Show Notes I have a lovely catch up with one of my lovely old colleagues from Sony Mobile in Sweden, Gabriella Bergstedt. We chat about the joy of fika and what it entails. The differences between working in Sweden, Denmark, and Ireland, and how important it is to have certain types of policies and workplace attitudes to create a productive welcoming environment.
We go over Sweden’s parental leave policy and what it means for parents, how well rounded the work benefits are, the wonderful ergonomics accommodations as standard, and how well structured Swedish companies are for encouraging employees back to the workplace after sick leave.
It’s a great episode and one that raises some very important points about companies taking care of employees as standard.
Show Notes I get the chance to chat with Dave Player, founder of Team BRIT and KartForce, and Andy Tucker, one of Team BRIT’s racing drivers all about the motosport team and the role of disability.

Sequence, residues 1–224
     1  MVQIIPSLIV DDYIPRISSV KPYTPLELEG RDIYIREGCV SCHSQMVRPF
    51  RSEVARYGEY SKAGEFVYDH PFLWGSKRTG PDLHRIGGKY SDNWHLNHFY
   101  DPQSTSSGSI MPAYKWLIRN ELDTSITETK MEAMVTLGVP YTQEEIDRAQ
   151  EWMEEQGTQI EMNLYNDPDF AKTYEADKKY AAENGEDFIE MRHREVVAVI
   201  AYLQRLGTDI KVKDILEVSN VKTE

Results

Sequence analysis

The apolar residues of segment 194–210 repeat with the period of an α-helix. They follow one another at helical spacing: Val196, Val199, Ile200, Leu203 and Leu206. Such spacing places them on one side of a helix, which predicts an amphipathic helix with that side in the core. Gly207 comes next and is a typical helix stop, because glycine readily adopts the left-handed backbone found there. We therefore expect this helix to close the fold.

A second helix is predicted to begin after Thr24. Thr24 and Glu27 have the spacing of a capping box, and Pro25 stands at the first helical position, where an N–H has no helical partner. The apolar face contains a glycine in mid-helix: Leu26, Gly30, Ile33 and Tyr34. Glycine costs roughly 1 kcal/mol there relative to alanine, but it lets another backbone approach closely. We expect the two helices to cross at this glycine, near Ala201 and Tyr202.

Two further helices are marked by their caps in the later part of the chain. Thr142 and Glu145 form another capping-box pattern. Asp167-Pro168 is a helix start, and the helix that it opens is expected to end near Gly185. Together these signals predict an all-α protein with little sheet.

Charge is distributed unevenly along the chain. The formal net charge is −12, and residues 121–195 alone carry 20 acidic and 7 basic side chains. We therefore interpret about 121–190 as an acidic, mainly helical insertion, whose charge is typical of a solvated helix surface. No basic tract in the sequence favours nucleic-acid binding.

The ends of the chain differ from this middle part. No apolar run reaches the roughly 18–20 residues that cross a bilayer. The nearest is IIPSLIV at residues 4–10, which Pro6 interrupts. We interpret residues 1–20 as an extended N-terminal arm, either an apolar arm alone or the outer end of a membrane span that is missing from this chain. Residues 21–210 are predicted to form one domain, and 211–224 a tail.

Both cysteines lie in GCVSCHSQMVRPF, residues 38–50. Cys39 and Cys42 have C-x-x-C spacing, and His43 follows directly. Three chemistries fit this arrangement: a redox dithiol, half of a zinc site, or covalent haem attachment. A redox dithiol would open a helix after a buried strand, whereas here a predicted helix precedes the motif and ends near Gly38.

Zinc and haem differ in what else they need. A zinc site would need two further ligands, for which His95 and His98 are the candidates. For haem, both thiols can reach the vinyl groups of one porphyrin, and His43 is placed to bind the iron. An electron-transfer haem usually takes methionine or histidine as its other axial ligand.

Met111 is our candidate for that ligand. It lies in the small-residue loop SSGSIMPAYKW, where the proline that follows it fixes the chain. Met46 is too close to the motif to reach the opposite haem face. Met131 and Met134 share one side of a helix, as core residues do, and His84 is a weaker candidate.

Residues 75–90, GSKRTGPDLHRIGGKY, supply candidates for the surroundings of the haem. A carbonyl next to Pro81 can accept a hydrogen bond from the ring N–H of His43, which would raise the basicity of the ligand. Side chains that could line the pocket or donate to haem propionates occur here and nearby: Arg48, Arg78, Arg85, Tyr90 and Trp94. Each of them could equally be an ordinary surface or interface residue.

Team BRIT is a competitive motor racing team consisting of disabled drivers. They are a competitive racing team, not a charity, and they race against teams of able-bodied drivers on a totally level playing field — something that no other sport can offer. They aim to make racing history and take a team to the world famous Le Mans 24hr endurance race, becoming the first ever British all-disabled team to do so.
We talk about how Team BRIT has pioneered accessible driving controls that suit all of their drivers and their varying levels of disability. We also chat about the role the team has played in helping many of their drivers to rediscover themselves after injuries, become better at managing their disabilities, and how many past members have gone on to achieve great things after being part of the Team BRIT family. We visit the current and past cars Team BRIT race in and have an exciting bit of news about their upcoming season.
This episode highlights Team BRIT’s vision to support, inspire and motivate people facing physical and psychological challenges by demonstrating what can be achieved through motorsport.